Raptors bench: Toronto’s second-most used lineup features Lou Williams, Greivis Vasquez, Patrick Patterson, James Johnson and Tyler Hansbrough. While not a murderer’s row of household names, this group managed to post a net rating of +17.7 in 229 minutes on the season (via The Wizards are not a deep team, and things get thin for them pretty fast once they need to insert the reserves. This could be a real advantage for Toronto in the series, and will remain something to watch.


Neither of these teams have looked all that capable for the bulk of the second half of the season, but Wall is the best player in this series, so I’ll look to him to find a way to get the job done.

Wizards in 7.

Mavericks owner Mark Cuban: ‘There’s no more predictable team than the Rockets’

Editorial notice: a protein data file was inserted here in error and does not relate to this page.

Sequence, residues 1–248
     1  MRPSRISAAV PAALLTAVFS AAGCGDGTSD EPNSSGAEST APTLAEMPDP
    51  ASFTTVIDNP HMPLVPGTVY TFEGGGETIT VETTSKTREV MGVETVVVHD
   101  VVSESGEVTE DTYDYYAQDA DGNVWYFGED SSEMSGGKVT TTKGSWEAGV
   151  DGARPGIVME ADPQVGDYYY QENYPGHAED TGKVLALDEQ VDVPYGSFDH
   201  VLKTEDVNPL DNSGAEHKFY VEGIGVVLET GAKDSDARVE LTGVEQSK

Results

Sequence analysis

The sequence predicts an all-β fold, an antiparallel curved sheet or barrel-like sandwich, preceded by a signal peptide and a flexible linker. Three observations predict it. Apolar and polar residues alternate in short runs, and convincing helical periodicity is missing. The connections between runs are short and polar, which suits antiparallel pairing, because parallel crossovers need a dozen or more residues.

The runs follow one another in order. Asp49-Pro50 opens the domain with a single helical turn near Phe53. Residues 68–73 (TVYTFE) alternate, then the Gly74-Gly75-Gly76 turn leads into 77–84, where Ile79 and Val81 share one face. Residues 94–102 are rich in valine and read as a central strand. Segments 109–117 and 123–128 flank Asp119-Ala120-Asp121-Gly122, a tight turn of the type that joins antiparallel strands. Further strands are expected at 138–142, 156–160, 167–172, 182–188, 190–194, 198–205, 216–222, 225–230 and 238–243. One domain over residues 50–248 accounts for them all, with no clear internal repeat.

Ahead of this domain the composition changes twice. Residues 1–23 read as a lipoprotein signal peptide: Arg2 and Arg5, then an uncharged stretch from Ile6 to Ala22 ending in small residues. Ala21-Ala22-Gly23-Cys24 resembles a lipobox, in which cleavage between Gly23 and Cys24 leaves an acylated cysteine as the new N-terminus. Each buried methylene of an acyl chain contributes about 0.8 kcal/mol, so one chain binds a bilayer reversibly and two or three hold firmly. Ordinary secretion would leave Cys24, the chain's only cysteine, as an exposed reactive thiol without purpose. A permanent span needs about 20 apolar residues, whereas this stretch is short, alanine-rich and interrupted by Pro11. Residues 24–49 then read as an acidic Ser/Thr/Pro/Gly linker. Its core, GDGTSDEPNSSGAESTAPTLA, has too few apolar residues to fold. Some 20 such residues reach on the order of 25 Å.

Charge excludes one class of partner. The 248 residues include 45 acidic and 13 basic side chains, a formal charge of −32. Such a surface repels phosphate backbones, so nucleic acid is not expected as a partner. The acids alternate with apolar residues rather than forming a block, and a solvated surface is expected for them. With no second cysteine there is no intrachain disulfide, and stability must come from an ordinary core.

As the Mavericks and the Rockets get set to face each other in round one of the NBA playoffs, it’s worth reminding that these are two teams that simply don’t like each other.

While Mark Cuban is at the ownership level and Daryl Morey is merely a general manager, the competitive pair have traded plenty of barbs in the past.

Cuban continued to stoke the flames of the rivalry recently, telling Grantland that the Rockets are, in his opinion, too predictable and simply not that good.

From Greg Rajan of the Houston Chronicle:

In the playoffs, teams with limited game plans get exposed. Conveniently, Cuban believes that Houston, his team’s first-round opponent in this season’s playoffs, is one of the most one-dimensional teams in the playoffs.